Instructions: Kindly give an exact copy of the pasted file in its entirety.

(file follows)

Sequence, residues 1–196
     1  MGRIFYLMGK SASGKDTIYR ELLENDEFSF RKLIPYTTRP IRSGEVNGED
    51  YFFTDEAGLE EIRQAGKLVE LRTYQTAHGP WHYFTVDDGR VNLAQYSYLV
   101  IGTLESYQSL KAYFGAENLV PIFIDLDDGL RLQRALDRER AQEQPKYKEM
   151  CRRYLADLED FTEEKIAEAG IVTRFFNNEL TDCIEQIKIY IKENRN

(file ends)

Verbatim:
Sequence, residues 1–196
     1  MGRIFYLMGK SASGKDTIYR ELLENDEFSF RKLIPYTTRP IRSGEVNGED
    51  YFFTDEAGLE EIRQAGKLVE LRTYQTAHGP WHYFTVDDGR VNLAQYSYLV
   101  IGTLESYQSL KAYFGAENLV PIFIDLDDGL RLQRALDRER AQEQPKYKEM
   151  CRRYLADLED FTEEKIAEAG IVTRFFNNEL TDCIEQIKIY IKENRN